For a 93-page report (pdf) ostensibly dedicated to helping adult Californians have a good time getting high, it expends a lot of effort bumming readers out with warnings about illegal growers, false taxation-windfall hopes and the danger of getting too high.
A Blue Ribbon Commission, chaired by Lieutenant Governor Gavin Newsom, emphasized in the report’s introduction that it wasn’t making specific recommendations, but only offering guidelines and policy insights to shape the debate as multiple legislative initiatives advance.
Then Newsom and his co-authors—fellow steering committee members, Stanford University Professor Keith Humphreys and ACLU of Northern California Executive Director Abdi Soltani—fess up in the section entitled “Commission Recommendations.” They disavow any “overly specific or prescriptive recommendations” but do have 50 of the less specific/prescriptive variety to pitch.
The report’s executive summary underlines and italicizes the certainty that the new industry will have to be tightly controlled and slowly rolled out with “sustained attention” over “many years.”
The federal government says that California’s implementation of medical marijuana was too Wild West and uses that as an argument to aggressively enforce U.S. laws against pot possession, cultivation and sale that conflict with state and local laws.
The list of recommendations leads off with protection for kids from pot, or at least those who aren’t already smoking. It’s estimated that around 36% of high school seniors and 12% of eighth-graders already get high. So far, concerns about teen smoking don’t extend to e-cigarettes (vaping), which state lawmakers have declined to regulate under pressure from Big Tobacco.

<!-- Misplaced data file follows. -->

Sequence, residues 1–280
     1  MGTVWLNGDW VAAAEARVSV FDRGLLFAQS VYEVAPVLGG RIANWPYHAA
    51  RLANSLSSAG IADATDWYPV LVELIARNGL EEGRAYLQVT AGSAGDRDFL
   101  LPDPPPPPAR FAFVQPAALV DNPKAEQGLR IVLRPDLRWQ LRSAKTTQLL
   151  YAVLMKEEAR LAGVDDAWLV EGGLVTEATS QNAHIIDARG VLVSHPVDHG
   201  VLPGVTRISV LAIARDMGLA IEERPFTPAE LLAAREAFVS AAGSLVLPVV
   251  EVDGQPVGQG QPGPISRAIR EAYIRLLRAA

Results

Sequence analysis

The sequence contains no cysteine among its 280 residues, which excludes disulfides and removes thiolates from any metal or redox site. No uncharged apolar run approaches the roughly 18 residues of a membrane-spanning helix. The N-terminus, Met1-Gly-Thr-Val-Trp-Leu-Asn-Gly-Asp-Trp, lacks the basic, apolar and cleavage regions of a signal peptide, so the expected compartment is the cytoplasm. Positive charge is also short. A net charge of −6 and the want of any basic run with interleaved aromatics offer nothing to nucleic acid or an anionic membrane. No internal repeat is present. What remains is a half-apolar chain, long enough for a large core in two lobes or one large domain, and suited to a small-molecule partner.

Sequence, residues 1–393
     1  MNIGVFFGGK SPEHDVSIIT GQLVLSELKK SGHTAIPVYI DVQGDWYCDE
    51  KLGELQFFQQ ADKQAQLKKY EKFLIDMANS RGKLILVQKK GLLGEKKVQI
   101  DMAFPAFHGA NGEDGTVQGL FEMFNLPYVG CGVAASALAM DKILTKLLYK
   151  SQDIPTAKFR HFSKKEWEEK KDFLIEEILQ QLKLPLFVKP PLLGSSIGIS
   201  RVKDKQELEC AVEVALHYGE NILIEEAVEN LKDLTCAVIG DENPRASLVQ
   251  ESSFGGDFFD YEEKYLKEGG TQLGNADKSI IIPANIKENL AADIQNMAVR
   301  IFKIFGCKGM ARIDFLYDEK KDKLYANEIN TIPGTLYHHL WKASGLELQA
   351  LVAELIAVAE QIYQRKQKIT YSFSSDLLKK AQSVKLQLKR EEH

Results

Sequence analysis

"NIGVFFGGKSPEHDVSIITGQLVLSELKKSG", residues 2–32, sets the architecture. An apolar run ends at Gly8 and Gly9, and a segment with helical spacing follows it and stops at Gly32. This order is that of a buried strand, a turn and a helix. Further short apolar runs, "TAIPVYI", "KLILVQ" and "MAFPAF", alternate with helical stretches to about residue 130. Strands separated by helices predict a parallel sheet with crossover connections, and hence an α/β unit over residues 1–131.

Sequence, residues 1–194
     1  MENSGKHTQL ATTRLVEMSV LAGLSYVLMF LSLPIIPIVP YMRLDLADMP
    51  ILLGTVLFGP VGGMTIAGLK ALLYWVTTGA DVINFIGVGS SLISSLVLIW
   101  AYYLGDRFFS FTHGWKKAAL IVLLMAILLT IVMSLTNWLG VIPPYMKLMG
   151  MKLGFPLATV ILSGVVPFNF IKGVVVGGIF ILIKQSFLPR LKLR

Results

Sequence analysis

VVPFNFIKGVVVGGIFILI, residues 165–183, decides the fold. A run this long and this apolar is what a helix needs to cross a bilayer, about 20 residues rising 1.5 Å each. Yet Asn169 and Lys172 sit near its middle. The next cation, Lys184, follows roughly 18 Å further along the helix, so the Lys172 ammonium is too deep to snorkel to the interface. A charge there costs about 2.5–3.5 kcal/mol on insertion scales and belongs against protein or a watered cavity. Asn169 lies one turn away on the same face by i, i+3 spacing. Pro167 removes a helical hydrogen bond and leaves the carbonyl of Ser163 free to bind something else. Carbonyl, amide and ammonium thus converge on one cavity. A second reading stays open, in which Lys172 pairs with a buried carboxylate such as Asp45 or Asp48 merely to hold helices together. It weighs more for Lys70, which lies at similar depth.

The report warns that policymakers should anticipate a significant confluence between vaping and marijuana but doesn’t link it to kids. The California Department of Public Health (CDPH) reports (pdf) that more 8th-graders and 10th-graders vaped than smoked tobacco for the first time in 2014. In fact, the number was double. Seventeen percent of seniors graduated with a vaping habit, compared to 14% with a conventional tobacco addiction.
Unable to stand up to Big Tobacco over vaping, the nicotine delivery system it’s been looking for a couple of generations, the state is now encouraged by the report to thwart any attempts at monopolization of the marijuana industry by a few giant companies.
“It is appropriate and probably wise for the state of California to adopt a path that limits the size and power—both economic and political—of any one entity in the marijuana industry,” the report says. How do we know this?
“The experience of tobacco and alcohol control shows that large corporations with resources for political influence (legislative lobbying, campaign contributions, regulatory interference) and marketing muscle will promote widespread and heavy use to increase sales and profits. Legislative behavior in this context is often incongruent with public health goals.”
It’s the way we roll. Nevertheless, “the goal should be to prevent the growth of a large, corporate marijuana industry dominated by a small number of players, as we see with Big Tobacco or the alcohol industry,” the report says.
The authors also recognized that, left to their own devices, drug users in general will tend to use more drugs than society deems suitable. They suggest that outcome be discouraged by not “lowering the price of marijuana for recreational users, creating and promoting the largest industry possible or raising the maximum amount of tax revenue.”
The report comments on a wide range of issues. For instance: drugged drivers should be stopped and tested; weed sold in the market should also be tested and labeled based on a “seed-to-sale tracking system”; youths should have an alternative to arrest and jail when caught; lots of data should be collected for, uh, research purposes; revenues should be targeted back at cannabis-related stuff (and presumably not diverted to the general fund when budget deficits arise); and advertising and marketing need some limits.
But the bottom line is the authors want the state to pursue a highly-regulated marketplace built to reduce, if not eliminate, the competing illegal pot industry without actually trying too hard to produce and deliver its own product. Take a hit, and you can almost picture it.